Gas Prices Not At Record High — and Proposed Solutions Wouldn’t Lower Them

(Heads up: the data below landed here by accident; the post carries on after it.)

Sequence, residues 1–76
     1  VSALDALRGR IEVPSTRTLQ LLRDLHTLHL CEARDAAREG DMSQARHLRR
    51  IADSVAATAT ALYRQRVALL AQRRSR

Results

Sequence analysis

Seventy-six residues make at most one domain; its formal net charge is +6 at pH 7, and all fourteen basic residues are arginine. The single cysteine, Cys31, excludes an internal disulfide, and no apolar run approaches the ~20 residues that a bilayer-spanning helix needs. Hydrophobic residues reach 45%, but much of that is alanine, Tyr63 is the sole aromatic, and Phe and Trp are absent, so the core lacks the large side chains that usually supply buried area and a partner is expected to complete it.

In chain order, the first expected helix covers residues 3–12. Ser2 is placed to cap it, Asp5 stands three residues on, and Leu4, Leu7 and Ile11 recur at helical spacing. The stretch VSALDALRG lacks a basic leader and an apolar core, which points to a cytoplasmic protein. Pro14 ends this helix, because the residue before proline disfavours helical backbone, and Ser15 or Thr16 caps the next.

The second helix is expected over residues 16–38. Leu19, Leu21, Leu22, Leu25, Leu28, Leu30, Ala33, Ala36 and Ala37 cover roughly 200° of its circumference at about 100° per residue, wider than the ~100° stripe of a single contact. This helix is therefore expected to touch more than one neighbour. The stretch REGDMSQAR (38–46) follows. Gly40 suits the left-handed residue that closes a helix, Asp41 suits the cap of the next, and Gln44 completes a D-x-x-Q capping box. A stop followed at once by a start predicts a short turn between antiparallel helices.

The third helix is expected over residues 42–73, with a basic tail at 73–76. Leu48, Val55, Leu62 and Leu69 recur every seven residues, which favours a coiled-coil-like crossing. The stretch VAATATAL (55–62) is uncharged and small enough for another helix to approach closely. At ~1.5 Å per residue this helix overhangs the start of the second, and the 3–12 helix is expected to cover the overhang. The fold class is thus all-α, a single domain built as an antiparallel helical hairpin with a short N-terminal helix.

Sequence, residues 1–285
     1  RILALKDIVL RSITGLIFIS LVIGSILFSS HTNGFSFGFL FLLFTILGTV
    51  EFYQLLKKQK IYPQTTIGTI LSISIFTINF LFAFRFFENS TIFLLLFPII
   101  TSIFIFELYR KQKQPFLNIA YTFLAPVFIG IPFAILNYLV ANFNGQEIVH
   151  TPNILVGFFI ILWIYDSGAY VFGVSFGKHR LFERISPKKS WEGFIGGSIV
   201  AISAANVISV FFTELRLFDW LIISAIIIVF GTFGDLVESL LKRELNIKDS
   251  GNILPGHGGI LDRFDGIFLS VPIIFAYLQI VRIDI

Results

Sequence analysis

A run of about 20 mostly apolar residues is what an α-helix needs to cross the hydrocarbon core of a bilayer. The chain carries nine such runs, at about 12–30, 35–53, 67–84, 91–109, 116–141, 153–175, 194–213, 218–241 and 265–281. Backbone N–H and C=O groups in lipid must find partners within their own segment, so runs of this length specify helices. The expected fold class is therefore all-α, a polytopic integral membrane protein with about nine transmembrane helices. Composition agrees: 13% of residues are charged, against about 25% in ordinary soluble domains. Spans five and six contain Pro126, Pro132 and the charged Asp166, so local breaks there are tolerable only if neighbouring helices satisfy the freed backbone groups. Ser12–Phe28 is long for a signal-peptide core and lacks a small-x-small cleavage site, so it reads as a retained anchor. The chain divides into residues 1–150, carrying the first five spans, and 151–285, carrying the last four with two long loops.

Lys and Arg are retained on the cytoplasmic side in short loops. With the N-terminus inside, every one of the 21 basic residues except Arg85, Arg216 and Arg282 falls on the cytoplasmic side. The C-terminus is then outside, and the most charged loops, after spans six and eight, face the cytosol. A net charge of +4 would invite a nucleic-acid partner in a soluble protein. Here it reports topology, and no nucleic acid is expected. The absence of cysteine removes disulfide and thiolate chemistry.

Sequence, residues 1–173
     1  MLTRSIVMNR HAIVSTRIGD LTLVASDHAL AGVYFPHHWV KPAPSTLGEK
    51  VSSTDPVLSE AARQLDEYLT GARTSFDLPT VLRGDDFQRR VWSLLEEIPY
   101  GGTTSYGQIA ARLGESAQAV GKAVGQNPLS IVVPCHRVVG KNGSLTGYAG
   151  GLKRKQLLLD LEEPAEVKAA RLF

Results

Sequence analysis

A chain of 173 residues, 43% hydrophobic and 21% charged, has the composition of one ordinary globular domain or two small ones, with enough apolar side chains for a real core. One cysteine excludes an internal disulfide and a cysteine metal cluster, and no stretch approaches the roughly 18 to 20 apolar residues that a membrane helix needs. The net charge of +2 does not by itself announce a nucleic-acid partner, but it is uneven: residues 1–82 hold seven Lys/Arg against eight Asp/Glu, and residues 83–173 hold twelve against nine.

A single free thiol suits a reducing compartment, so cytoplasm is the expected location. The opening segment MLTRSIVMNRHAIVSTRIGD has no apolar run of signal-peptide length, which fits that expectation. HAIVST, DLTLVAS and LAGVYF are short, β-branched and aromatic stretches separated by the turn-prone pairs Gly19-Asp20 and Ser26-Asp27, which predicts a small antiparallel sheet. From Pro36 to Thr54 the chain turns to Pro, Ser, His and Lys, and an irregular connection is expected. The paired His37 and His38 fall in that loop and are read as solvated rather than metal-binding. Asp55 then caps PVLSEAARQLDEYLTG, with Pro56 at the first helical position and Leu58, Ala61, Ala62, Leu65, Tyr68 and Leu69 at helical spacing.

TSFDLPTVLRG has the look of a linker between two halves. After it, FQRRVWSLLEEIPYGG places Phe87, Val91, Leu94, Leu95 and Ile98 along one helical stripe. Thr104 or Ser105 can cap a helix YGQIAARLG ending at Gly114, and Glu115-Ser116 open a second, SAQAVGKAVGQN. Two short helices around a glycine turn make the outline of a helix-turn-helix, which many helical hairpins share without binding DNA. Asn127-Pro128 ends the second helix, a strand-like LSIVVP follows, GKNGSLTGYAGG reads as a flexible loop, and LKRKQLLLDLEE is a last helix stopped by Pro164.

Gasoline prices have become a political hot potato in this election season, but most analysts agree there is very little substance behind the sound and fury. Current gas prices, hovering around $2 per gallon, do not constitute a “record high.” Adjusted for inflation, prices are below the historical average of $2.07 per gallon; for comparison, consider that in 1981 consumers paid an inflation-adjusted $2.87. Americans pay half or less what consumers pay in other countries (e.g., $6 in the U.K.), and they pay only a fraction of petroleum’s real price. Invisible to U.S. consumers at the pump are military expenses to protect Middle East oil sources, health costs associated with auto emissions, and the price of preventing or repairing the environmental damage cars wreak. Furthermore, analysts generally agree that neither Bush’s proposal (more refineries, more domestic drilling) nor Kerry’s (cap the strategic oil reserve, invest in renewables) will have much effect on gas prices in the short-term. Energy is a vital long-term issue — gas prices, not so much.
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